The president, a short-sighted man, not old but with an extremely exhausted face, sat in his armchair without stirring and held his open hand near his brow as though screening his eyes from the sun. To the droning of the ventilation wheel and the secretary he meditated. When the secretary paused for an instant to take breath on beginning a new page, he suddenly started and looked round at the court with lustreless eyes, then bent down to the ear of the judge next to him and asked with a sigh:
“Are you putting up at Demyanov’s, Matvey Petrovitch?”
“Yes, at Demyanov’s,” answered the other, starting too.
“Next time I shall probably put up there too. It’s really impossible to put up at Tipyakov’s! There’s noise and uproar all night! Knocking, coughing, children crying. . . . It’s impossible!”
The assistant prosecutor, a fat, well-nourished, dark man with gold spectacles, with a handsome, well-groomed beard, sat motionless as a statue, with his cheek propped on his fist, reading Byron’s “Cain.” His eyes were full of eager attention and his eyebrows rose higher and higher with wonder. . . . From time to time he dropped back in his chair, gazed without interest straight before him for a minute, and then buried himself in his reading again. The council for the defence moved the blunt end of his pencil about the table and mused with his head on one side. . . . His youthful face expressed nothing but the frigid, immovable boredom which is commonly seen on the face of schoolboys and men on duty who are forced from day to day to sit in the same place, to see the same faces, the same walls. He felt no excitement about the speech he was to make, and indeed what did that speech amount to? On instructions from his superiors in accordance with long-established routine he would fire it off before the jurymen, without passion or ardour, feeling that it was colourless and boring, and then — gallop through the mud and the rain to the station, thence to the town, shortly to receive instructions to go off again to some district to deliver another speech. . . . It was a bore!
At first the prisoner turned pale and coughed nervously into his sleeve, but soon the stillness, the general monotony and boredom infected him too. He looked with dull-witted respectfulness at the judges’ uniforms, at the weary faces of the jurymen, and blinked calmly. The surroundings and procedure of the court, the expectation of which had so weighed on his soul while he was awaiting them in prison, now had the most soothing effect on him. What he met here was not at all what he could have expected. The charge of murder hung over him, and yet here he met with neither threatening faces nor indignant looks nor loud phrases about retribution nor sympathy for his extraordinary fate; not one of those who were judging him looked at him with interest or for long. . . . The dingy windows and walls, the voice of the secretary, the attitude of the prosecutor were all saturated with official indifference and produced an atmosphere of frigidity, as though the murderer were simply an official property, or as though he were not being judged by living men, but by some unseen machine, set going, goodness knows how or by whom. . . .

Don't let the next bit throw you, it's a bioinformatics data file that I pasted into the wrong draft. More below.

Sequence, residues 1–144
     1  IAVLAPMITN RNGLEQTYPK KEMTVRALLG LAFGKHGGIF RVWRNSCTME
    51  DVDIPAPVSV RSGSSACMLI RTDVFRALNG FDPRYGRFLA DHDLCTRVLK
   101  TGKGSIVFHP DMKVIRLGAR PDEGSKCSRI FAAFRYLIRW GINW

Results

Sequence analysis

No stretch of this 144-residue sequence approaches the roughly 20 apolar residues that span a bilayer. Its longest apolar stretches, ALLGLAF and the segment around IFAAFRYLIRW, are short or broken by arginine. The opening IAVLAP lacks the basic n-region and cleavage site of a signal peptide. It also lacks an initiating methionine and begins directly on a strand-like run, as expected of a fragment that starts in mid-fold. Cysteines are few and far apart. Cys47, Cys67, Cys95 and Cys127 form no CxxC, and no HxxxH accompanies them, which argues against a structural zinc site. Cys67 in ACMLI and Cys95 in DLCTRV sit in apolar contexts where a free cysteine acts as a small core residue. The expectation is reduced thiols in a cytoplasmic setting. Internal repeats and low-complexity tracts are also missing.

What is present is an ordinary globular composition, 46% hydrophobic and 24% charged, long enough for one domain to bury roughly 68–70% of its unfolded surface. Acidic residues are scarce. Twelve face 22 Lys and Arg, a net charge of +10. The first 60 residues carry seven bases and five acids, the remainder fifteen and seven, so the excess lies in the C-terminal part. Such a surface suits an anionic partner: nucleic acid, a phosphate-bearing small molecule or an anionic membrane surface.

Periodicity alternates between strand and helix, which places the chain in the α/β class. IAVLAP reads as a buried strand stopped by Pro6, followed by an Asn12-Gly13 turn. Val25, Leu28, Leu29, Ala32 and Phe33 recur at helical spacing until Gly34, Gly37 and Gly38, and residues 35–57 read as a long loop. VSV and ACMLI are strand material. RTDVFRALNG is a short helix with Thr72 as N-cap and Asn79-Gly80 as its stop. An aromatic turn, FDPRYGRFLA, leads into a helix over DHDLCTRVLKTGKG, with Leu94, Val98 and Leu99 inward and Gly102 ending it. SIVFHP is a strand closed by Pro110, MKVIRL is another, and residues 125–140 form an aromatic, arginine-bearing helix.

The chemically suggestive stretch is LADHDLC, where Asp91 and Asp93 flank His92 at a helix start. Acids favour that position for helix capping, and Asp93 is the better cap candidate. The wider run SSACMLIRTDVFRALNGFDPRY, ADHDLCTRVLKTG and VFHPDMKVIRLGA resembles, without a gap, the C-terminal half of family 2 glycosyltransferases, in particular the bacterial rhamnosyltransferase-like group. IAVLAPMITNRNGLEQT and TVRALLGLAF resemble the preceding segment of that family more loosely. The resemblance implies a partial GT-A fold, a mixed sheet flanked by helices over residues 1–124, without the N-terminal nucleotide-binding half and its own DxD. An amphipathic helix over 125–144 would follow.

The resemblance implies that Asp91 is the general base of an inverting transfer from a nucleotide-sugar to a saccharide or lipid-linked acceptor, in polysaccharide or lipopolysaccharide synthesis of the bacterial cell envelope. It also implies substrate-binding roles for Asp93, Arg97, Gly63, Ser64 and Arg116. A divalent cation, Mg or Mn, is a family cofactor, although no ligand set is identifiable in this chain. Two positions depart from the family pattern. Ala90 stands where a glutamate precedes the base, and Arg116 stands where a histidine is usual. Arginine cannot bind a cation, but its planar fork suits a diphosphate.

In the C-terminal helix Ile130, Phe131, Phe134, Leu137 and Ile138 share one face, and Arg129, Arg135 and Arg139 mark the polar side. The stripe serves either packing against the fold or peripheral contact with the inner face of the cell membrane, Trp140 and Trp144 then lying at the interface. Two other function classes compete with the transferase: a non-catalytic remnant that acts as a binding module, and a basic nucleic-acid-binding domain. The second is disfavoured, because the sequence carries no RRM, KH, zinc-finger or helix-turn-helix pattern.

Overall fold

The peasant, reassured, did not understand that the men here were as accustomed to the dramas and tragedies of life and were as blunted by the sight of them as hospital attendants are at the sight of death, and that the whole horror and hopelessness of his position lay just in this mechanical indifference. It seemed that if he were not to sit quietly but to get up and begin beseeching, appealing with tears for their mercy, bitterly repenting, that if he were to die of despair — it would all be shattered against blunted nerves and the callousness of custom, like waves against a rock.